Kumar U.,Energy and Wetlands Research Group | Kumar U.,Indian Institute of Science | Kumar U.,International Institute of Information Technology Bangalore | Mukhopadhyay C.,Indian Institute of Science | And 3 more authors.
Boletin Geologico y Minero | Year: 2014

Many regional environmental problems are the consequence of anthropogenic activities involving land cover changes. Temporal land cover data with social aspects are critical in tracing relationships of cause and effect on variables of interest with the effects of context on behaviour, or with the process of human environmental interaction and are also useful for the governance of urbanising cities. Many cities are now rapidly becoming urbanised and undergoing redevelopment for economic purposes with new roads, infrastructure improvements, etc. raising the necessity to understand the dynamics of the urban growth process for the planning of natural resources. Cellular automata (CA), an artificial intelligence technique based on pixels, states, neighbourhoods and transition rules is useful in modelling the urban growth process due to its ability to ft such complex spatial nature, using simple and effective rules. This study develops the calibration of a CA model by taking into account spatial and temporal dynamics of urban growth. The effectiveness of this technique is demonstrated by capturing the growth pattern of Bangalore, a city in India, with historical remote sensing and population data. © 2014 Instituto Geologico y Minero de Espana. All Rights reserved.


Ramachandra T.V.,Energy & Wetlands Research Group | Ramachandra T.V.,Center for Sustainable Technologies Astra | Ramachandra T.V.,Indian Institute of Science | Aithal B.H.,Energy & Wetlands Research Group | And 2 more authors.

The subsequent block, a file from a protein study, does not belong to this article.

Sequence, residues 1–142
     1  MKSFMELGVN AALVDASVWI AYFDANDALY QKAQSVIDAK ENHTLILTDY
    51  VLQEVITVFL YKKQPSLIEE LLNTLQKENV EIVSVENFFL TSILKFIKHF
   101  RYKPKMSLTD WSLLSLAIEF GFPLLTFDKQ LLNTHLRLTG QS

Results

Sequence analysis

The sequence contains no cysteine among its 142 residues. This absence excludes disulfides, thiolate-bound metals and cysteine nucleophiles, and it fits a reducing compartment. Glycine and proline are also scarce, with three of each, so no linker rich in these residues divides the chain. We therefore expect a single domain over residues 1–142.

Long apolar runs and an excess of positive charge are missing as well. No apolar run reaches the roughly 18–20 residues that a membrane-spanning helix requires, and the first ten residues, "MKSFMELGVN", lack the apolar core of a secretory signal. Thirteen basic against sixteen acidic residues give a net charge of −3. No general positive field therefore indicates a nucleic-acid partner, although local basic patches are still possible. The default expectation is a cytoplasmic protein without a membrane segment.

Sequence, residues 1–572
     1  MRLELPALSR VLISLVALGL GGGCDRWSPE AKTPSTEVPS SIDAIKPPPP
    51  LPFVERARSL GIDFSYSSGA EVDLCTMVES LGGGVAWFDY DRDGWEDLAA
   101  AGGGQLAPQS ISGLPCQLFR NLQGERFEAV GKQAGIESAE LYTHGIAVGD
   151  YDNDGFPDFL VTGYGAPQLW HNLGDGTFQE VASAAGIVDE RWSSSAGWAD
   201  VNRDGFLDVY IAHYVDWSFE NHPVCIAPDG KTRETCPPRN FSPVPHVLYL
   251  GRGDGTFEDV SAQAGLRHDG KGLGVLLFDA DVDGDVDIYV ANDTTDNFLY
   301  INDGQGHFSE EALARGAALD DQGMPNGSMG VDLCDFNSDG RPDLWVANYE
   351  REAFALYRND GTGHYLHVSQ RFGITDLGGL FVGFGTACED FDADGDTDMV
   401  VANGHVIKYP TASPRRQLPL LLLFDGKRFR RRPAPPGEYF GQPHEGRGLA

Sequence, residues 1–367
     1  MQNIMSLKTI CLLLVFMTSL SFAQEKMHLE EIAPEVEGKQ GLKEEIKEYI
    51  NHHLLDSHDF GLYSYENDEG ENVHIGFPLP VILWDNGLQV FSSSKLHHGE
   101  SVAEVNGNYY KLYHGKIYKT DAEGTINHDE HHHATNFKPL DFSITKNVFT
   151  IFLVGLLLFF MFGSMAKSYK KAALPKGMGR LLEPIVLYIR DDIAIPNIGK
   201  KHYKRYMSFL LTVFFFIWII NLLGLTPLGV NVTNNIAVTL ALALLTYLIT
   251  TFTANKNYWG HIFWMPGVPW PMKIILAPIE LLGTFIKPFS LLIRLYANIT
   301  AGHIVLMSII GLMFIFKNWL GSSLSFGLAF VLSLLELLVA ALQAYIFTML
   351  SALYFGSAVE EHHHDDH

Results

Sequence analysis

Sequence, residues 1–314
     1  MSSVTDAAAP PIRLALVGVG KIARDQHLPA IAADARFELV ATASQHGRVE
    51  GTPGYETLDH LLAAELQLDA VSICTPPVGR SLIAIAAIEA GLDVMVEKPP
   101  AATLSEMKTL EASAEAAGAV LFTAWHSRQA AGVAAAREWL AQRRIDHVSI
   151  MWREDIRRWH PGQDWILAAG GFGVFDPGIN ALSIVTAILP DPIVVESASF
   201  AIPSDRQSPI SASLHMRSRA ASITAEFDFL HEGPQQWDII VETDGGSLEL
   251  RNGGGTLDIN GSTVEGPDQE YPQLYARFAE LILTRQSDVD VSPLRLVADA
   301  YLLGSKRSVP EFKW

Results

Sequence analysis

Applied Geomatics | Year: 2014

Urbanization connotes to the growth of a metropolis on being subjected to criteria such as economic, social and political forces as well as the geomorphology of the metropolis. As population and its activities increase in a city, the boundary of the city expands to accommodate growth along the urban fringes, leading to fragmented urban morphology, thereby impacting local ecology. Towns and cities had bloomed post-independence in India, causing changes in the land use along the myriad landscapes and ecosystems of the country. These urban ecosystems were a consequence of unplanned development of industrial centres and uncontrolled growth of residential colonies, which altogether became hubs for economic, social, cultural, and political activities. A visualization of the past trends and patterns of growth enable the planning machineries to plan for appropriate basic infrastructure facilities (water, electricity, sanitation, etc.). This communication analyses the spatial patterns of Kolkata municipality—the 13th most populous and 8th largest urban agglomeration in the world. It has been one of the most prominent urban areas in eastern India which was once considered the capital of India during the erstwhile British colonial rule. The spatial patterns of urbanization of Kolkata with 10 km buffer have been analysed using temporal remote sensing data with zonal gradients and spatial metrics. The study area was divided into four zones and each zone was further divided into concentric circles of 1 km incrementing radii to understand the patterns and extent of urbanization at local levels. Its land use analysis has revealed a decline of vegetation from 33.6 % (1980) to 7.36 % (2010). During 2010, Kolkata’s built-up had constituted 8.6 %, water bodies comprised of 3.15 %, whereas other categories made up about 80.87 %. Increased Shannon’s entropy during the last decade highlights the tendency of sprawl that necessitated policy interventions to provide basic amenities. Spatial patterns through metrics indicated a compact and simple structured growth at the centre of the city and a distributed complex shape in the buffer region. Further, these metrics indicated that the city is on the verge of becoming a single large urban patch that would affect its ecological integrity. Temporal analyses of spatial patterns of urbanization help the city administration and city planners to visualize and understand the growth of the city so that they can provide better resource planning to create a sustainable city. © 2014, Società Italiana di Fotogrammetria e Topografia (SIFET).